USC medical school professor Ken Murray has an interesting article on the lessons we can learn from “How Doctors Die”:
It’s not a frequent topic of discussion, but doctors die, too. And they don’t die like the rest of us. What’s unusual about them is not how much treatment they get compared to most Americans, but how little. For all the time they spend fending off the deaths of others, they tend to be fairly serene when faced with death themselves. They know exactly what is going to happen, they know the choices, and they generally have access to any sort of medical care they could want. But they go gently.
Of course, doctors don’t want to die; they want to live. But they know enough about modern medicine to know its limits. And they know enough about death to know what all people fear most: dying in pain, and dying alone. They’ve talked about this with their families. They want to be sure, when the time comes, that no heroic measures will happen—that they will never experience, during their last moments on earth, someone breaking their ribs in an attempt to resuscitate them with CPR (that’s what happens if CPR is done right).
Almost all medical professionals have seen what we call “futile care” being performed on people. That’s when doctors bring the cutting edge of technology to bear on a grievously ill person near the end of life. The patient will get cut open, perforated with tubes, hooked up to machines, and assaulted with drugs. All of this occurs in the Intensive Care Unit at a cost of tens of thousands of dollars a day. What it buys is misery we would not inflict on a terrorist. I cannot count the number of times fellow physicians have told me, in words that vary only slightly, “Promise me if you find me like this that you’ll kill me.” They mean it. Some medical personnel wear medallions stamped “NO CODE” to tell physicians not to perform CPR on them. I have even seen it as a tattoo.
This issue is of interest to me in part because of personal experience. When my grandfather was in his terminal illness about a decade ago, we found it difficult to ensure that he would not be given the kind of excessive and unnecessary treatment Murray describes above. At one point, I went so far as to request to see the doctor on duty, explain that I am a lawyer, and emphasize that my father had the legal right to make decisions to refuse care on behalf of my grandfather, who was then unable to make choices for himself. After that, things went smoothly, and my father’s instructions (based on my grandfather’s own oft-expressed wishes) were followed. But it took some doing.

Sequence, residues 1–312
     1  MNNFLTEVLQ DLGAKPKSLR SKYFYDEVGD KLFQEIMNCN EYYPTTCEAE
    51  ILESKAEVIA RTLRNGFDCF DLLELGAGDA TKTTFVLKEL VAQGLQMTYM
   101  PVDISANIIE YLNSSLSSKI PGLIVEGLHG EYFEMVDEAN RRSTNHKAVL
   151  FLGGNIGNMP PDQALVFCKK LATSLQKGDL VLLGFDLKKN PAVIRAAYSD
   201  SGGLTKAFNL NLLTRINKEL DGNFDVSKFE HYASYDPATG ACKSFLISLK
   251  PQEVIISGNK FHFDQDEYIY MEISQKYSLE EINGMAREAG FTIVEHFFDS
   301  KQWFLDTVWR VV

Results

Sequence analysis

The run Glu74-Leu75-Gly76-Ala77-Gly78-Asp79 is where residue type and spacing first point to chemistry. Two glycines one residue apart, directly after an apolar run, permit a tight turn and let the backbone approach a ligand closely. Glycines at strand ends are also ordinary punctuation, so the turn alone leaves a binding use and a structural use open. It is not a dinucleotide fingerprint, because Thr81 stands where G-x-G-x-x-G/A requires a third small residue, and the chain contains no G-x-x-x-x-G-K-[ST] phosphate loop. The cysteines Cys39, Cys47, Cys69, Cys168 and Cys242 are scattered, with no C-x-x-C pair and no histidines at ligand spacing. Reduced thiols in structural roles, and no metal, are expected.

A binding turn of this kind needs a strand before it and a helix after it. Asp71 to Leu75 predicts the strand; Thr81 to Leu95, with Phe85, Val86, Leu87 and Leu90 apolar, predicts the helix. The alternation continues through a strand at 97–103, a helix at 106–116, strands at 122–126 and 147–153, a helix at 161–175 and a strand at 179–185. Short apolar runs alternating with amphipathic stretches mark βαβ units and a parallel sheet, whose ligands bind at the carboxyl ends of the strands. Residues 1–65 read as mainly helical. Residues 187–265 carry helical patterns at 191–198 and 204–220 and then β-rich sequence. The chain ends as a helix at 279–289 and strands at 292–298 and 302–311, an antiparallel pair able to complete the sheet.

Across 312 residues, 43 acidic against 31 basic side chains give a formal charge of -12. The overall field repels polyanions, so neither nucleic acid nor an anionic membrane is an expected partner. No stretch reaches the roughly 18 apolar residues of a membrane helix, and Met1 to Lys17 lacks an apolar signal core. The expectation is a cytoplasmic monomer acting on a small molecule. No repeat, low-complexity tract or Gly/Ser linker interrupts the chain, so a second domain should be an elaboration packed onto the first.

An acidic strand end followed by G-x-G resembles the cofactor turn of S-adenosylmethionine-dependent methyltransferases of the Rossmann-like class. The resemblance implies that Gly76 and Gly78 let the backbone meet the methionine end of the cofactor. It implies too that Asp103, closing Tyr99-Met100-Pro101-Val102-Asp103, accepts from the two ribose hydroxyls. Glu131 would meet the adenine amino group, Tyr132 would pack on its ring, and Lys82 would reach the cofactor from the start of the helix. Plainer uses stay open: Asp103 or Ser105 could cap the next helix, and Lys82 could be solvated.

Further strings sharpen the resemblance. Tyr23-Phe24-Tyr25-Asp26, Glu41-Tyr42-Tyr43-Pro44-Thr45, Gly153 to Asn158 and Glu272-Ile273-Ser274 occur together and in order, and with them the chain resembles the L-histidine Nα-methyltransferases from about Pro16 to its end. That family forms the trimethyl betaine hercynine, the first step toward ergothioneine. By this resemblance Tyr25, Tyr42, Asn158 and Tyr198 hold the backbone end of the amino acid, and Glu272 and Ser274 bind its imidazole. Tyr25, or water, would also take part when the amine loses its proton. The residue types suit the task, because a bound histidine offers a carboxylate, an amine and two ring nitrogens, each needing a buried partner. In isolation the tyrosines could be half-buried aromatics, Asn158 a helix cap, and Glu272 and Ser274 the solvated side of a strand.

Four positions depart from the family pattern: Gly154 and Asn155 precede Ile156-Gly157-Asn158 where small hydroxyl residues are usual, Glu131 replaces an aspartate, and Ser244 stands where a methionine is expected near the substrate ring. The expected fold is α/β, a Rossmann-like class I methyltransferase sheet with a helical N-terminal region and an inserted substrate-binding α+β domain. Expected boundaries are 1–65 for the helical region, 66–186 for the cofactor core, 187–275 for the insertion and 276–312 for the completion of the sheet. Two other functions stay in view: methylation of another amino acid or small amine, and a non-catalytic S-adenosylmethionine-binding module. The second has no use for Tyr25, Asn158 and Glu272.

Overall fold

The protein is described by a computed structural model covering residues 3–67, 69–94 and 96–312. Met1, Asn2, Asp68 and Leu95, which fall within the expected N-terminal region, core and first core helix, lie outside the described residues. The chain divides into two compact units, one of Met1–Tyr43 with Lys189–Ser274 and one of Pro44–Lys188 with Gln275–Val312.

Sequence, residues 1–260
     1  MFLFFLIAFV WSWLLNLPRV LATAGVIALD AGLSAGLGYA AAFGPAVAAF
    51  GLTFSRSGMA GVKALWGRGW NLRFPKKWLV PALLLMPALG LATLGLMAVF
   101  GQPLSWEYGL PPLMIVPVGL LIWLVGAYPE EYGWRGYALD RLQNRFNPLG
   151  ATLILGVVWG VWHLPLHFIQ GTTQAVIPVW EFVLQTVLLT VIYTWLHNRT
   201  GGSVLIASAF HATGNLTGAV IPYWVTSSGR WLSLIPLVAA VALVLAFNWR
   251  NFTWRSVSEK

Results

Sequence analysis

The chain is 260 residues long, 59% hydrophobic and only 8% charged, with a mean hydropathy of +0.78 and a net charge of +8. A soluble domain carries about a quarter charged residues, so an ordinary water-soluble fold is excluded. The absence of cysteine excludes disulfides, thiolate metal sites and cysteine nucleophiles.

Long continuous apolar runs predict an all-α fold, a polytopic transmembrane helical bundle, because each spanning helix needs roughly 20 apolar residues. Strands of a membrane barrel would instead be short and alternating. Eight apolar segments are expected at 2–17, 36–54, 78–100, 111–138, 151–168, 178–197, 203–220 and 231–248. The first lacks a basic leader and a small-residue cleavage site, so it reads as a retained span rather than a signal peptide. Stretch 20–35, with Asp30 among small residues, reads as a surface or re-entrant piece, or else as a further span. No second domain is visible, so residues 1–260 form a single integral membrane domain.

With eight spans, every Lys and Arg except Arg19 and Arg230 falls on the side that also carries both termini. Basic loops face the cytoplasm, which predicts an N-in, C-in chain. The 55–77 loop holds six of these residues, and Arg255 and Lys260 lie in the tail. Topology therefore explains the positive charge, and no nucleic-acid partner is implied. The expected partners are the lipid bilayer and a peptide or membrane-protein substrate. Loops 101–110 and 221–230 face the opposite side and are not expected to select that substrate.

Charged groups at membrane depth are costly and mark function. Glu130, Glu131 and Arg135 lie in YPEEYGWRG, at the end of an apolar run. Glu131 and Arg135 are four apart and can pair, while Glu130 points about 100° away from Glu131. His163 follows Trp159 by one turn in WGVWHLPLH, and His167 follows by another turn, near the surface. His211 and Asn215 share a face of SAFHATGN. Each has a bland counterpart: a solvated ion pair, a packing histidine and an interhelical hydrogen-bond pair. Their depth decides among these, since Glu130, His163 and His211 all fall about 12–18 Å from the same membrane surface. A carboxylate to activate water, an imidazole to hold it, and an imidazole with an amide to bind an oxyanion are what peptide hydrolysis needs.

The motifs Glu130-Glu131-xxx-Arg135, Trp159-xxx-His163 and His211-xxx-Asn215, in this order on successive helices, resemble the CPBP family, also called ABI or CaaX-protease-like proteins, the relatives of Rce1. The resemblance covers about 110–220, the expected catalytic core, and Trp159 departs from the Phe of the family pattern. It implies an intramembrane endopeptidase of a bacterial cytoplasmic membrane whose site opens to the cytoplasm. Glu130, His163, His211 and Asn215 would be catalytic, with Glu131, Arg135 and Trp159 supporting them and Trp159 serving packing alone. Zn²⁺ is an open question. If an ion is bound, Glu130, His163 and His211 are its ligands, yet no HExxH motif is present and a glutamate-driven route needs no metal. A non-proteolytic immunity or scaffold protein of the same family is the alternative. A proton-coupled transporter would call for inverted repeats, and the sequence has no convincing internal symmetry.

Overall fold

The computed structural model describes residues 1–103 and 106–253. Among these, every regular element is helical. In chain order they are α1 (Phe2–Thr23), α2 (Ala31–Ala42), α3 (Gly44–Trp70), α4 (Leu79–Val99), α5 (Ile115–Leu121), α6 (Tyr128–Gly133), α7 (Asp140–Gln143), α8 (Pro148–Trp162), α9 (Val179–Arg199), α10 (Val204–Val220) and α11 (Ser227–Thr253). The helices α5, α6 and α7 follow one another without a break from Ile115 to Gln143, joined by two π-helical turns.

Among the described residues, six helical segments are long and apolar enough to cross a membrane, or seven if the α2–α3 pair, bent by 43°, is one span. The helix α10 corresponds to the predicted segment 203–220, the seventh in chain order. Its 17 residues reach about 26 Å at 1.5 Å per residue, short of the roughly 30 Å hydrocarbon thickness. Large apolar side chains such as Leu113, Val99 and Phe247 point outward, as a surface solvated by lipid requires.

A key lesson of this experience is that it’s important for the rest of us to do what Murray explains doctors do: think about what sort of care you want and don’t want during your terminal illness, and try to plan ahead. Most if not all states have “living wills” and/or other laws that allow you to leave advance instructions for situations when you are hospitalized and lack the capacity to make decisions at the time. It’s also useful to have a friend or family member available to make sure that your instructions for refusing certain types of care are actually being followed.
Before concluding, I should emphasize that this post is an exception to my usual rules for choosing blogging topics. I am not expert on this topic, and the point I’m making isn’t an original one. I may violate my blogging principles, but at least I disclose it when I do! If readers want to discount what I say here, I can’t very well complain. Nonetheless, Murray is an expert and his article is a good opportunity for laypeople to learn from the decisions other experts make in a situation that many of us are likely to face at some point in our lives – either for ourselves or in helping friends and family members.